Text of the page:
H.R. does not, when you talk to him, come across as an egghead intellectual. He is a big, bullish man, who takes up a lot of space in the room and has a very powerful personality. He projects strength personally, which is probably one of the reasons he is so admired and beloved by the troops who served under his command. Knowing the president, I could see him liking that.

In addition, I have little doubt that many of the people [Trump] was speaking to, including Petraeus, no doubt had very good things to say about McMaster. He is a known quantity. If you were to take the pulse of a dozen national security leaders of both parties and asked them to come up with a list of the five smartest officers in the military, H.R. would be on the list.

Without asking you to reveal private conversations, you aren’t describing someone who would seem to like Donald Trump. Is this just a job you can’t say “no” to? Do you think they might have something in common ideologically that you aren’t aware of?

They could. I have never had an overly ideological or political conversation with H.R. McMaster. He has never struck me as a man who has the type of pungently ideological views of a Steve Bannon. But bear in mind that he is a three-star general who has been asked to do one of the most difficult tasks in the United States government. I can imagine that it is very difficult for him to turn down this job. If anything, given his academic research, and how deeply he cares about this country, and given the oath he has sworn, I couldn’t imagine he would have ever said no.

How far do you think this will go toward placating people in the national security bureaucracy who are warring with the new administration?

I think it’s too early to tell. There are a lot of things driving the animosity between Trump and the bureaucracy. One of those things is that you had a national security adviser who was not necessarily listening to his staff and was a bit overwhelmed with the job, based on folks with whom I have spoken. But the other thing is that this is still very early days in the administration, which has fallen behind the pace in terms of putting their appointments in to Defense and State, and as a result, the folks on the National Security Council are understandably worried and don’t really have leadership. I think the animosity that you are seeing will start to recede once some Trump administration officials come into the departments and agencies and people see that most of them are reasonable. I personally saw the temperature at the Department of Defense go way down after Jim Mattis was made the secretary.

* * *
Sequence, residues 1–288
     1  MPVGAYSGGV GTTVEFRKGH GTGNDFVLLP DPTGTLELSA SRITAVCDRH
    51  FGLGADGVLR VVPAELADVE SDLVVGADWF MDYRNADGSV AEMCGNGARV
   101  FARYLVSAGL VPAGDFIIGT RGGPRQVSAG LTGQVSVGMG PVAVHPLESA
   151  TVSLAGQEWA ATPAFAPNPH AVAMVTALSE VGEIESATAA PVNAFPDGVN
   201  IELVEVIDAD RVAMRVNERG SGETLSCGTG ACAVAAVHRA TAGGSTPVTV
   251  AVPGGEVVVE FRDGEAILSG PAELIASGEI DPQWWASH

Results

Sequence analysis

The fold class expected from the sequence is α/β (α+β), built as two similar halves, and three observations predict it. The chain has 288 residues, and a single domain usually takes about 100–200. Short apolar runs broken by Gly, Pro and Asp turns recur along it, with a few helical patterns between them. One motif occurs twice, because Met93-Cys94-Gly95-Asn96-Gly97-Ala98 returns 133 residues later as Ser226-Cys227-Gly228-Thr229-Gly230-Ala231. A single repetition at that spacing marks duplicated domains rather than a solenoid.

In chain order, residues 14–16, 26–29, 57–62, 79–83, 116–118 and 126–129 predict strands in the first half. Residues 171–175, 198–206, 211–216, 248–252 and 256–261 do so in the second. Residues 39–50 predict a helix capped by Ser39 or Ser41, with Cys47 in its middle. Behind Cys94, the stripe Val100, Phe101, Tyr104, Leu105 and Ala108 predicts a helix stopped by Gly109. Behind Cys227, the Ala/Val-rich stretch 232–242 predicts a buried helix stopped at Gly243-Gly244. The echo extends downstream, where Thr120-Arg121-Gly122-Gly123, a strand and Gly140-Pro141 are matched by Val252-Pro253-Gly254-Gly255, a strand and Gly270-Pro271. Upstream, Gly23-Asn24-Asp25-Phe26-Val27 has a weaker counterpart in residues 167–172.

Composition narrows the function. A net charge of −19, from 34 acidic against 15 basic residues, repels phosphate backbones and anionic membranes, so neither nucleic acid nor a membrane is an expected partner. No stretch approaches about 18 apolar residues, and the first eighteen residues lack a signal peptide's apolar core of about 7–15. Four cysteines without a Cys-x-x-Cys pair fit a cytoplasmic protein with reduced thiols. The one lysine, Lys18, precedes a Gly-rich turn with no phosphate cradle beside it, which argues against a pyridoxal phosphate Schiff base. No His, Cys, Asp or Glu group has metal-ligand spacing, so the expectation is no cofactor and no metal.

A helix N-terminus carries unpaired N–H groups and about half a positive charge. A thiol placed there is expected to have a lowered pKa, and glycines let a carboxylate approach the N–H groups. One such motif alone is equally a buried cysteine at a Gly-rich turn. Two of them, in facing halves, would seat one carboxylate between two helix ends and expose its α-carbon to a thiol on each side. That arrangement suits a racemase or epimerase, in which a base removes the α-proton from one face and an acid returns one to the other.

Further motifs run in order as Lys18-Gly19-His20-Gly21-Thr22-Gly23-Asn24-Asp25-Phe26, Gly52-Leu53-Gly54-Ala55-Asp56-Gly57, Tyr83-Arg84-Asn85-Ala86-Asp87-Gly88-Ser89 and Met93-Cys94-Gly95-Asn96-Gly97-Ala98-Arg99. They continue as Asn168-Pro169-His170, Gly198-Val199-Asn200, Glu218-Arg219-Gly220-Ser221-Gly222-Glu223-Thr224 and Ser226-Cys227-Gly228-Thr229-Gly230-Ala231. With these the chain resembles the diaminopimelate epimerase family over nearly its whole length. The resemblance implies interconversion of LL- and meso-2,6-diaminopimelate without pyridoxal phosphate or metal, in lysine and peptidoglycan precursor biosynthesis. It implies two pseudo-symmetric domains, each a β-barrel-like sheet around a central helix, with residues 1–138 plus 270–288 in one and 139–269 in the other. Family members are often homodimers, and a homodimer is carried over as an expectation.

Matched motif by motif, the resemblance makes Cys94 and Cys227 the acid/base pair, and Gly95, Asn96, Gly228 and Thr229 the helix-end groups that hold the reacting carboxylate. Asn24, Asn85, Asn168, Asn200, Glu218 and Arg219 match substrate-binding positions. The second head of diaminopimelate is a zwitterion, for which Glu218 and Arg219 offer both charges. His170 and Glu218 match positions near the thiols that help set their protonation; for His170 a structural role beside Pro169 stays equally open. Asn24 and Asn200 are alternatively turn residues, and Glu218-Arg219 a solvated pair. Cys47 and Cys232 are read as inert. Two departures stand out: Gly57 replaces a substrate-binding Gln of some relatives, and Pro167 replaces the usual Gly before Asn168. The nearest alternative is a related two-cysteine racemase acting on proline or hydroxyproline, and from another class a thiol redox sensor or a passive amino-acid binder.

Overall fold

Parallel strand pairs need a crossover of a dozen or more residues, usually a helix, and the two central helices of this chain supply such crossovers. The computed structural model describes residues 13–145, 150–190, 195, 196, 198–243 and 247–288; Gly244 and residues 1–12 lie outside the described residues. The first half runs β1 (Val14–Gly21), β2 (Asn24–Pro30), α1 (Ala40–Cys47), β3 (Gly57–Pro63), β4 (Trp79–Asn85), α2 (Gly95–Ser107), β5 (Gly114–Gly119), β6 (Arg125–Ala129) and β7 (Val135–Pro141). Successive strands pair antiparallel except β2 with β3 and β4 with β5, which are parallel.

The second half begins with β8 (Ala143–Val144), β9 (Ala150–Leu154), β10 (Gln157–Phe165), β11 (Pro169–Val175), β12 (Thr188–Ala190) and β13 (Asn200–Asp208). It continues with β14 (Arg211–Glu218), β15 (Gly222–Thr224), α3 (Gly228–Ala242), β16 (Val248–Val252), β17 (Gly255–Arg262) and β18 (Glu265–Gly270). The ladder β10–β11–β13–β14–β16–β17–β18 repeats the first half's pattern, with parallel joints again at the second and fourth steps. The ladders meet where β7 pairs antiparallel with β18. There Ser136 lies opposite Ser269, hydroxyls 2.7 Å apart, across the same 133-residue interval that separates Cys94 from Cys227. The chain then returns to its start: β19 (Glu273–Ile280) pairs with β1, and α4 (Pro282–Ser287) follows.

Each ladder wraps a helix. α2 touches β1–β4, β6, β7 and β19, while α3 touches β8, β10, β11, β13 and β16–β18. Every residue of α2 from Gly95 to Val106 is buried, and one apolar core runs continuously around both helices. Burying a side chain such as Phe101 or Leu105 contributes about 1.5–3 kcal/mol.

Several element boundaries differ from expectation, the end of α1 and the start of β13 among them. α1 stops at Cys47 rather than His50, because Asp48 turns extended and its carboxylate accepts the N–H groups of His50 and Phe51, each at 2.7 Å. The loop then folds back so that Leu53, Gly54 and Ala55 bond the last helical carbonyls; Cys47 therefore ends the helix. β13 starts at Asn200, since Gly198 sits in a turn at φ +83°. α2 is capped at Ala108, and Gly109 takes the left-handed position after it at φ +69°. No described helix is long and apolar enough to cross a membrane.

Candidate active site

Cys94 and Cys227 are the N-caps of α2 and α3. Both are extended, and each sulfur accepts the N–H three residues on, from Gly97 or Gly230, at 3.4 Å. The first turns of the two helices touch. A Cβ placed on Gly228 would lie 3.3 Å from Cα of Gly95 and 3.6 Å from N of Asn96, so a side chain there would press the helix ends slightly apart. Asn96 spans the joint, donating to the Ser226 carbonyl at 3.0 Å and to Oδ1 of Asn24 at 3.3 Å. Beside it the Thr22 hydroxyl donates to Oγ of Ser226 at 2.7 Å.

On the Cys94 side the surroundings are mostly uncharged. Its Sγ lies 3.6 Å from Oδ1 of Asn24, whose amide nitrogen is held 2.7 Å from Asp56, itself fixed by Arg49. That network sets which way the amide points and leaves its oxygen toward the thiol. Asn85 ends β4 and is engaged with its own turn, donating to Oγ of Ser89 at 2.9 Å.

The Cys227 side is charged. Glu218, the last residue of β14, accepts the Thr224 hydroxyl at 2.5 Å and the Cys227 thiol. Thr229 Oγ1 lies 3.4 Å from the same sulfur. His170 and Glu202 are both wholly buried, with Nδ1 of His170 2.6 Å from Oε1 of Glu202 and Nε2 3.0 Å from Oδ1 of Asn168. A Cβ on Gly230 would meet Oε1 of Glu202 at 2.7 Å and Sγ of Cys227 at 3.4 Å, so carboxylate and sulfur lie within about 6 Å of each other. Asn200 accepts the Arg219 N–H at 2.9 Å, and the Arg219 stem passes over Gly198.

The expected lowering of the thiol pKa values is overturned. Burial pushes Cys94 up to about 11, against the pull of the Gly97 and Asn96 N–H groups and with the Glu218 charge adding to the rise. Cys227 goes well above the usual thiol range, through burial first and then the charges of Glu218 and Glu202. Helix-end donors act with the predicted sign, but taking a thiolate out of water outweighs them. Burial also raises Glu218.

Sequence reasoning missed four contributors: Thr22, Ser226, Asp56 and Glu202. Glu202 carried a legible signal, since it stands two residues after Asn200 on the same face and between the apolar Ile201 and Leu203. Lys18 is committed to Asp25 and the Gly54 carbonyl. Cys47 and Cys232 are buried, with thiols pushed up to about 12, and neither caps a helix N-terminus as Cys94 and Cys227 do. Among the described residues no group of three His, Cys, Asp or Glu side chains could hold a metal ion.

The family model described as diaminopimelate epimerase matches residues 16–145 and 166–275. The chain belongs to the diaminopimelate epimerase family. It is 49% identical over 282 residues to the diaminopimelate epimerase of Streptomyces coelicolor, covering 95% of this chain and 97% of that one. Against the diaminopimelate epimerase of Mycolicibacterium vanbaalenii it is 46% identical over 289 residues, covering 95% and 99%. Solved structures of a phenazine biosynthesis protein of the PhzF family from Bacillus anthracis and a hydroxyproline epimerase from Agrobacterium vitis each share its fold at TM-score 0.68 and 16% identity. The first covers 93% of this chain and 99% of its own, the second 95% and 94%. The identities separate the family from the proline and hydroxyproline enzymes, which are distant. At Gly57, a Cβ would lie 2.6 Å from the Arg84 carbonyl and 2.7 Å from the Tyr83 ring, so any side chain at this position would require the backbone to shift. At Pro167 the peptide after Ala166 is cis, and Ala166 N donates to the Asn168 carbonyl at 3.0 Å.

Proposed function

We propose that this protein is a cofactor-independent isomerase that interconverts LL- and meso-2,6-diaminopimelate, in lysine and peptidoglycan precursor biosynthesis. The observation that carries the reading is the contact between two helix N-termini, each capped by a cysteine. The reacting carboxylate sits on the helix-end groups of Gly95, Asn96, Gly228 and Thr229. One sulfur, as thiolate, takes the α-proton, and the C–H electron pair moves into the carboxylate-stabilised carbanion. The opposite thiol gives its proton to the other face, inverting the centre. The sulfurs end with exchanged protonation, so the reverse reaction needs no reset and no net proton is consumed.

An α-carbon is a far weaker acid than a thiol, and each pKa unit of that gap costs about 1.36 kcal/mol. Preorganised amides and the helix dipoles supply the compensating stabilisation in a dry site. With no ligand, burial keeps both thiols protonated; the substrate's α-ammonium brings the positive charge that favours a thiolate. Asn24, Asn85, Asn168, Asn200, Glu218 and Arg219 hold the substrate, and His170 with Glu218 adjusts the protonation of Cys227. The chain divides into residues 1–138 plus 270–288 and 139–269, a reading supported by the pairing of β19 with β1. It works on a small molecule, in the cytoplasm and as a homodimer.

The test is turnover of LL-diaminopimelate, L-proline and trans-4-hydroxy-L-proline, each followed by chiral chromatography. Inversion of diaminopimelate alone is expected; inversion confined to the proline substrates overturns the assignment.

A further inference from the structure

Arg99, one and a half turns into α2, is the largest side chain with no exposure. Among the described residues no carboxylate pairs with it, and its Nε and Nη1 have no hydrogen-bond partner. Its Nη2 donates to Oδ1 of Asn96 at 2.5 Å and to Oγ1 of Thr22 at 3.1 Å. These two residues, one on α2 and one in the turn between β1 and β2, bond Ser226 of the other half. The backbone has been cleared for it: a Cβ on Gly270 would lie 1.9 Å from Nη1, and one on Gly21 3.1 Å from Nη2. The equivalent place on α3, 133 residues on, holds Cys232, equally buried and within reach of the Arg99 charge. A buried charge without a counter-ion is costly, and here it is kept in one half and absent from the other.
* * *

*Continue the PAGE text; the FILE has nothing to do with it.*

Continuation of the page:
OK, but he is one of the few sane people Trump has put in though.

I don’t think that is true. I think that Tillerson, quite frankly, has the potential to be an excellent secretary of state and has the potential to provide the type of management for the organization that you were never going to get from a John Kerry, for example. And I also think that even when you scratch off all those people who said they would never work in a Trump administration, I think that this administration can still find a lot of talented people to serve at the deputy-assistant and assistant-secretary levels. There is talent out there, and I don’t just mean smart people, but people who can be good managers. But we’ll see. The loyalty test this administration is applying is a bit worrisome, to say the least.

I think for a lot of people this was particularly soothing, because as much as people respect Mattis, this guy will be in the building with Trump every day.

That’s right, and maybe I have too much faith in him, but frankly McMaster has staked so much of his intellectual credentials on the need to deliver blunt and honest advice to the president that it would be ironic and sad if he himself didn’t do that, but I think he will. It is no exaggeration to say that I will sleep better tonight.

Or sleep better for at least two months, which is how long he will last giving honest advice to this president.

Well that’s right. One of the great things is that we do have some leaders in place, not just Mattis and McMaster but the chairman of the Joint Chiefs, who are real men of integrity. If things get too bad, I can’t imagine them having too much patience, although it is always tempting to convince yourself that, “Oh, I can do something great” and stay on past the time you should have resigned. But I have great faith in him.

Thank you, Andrew. Hopefully humanity will now survive long enough for us to do this again.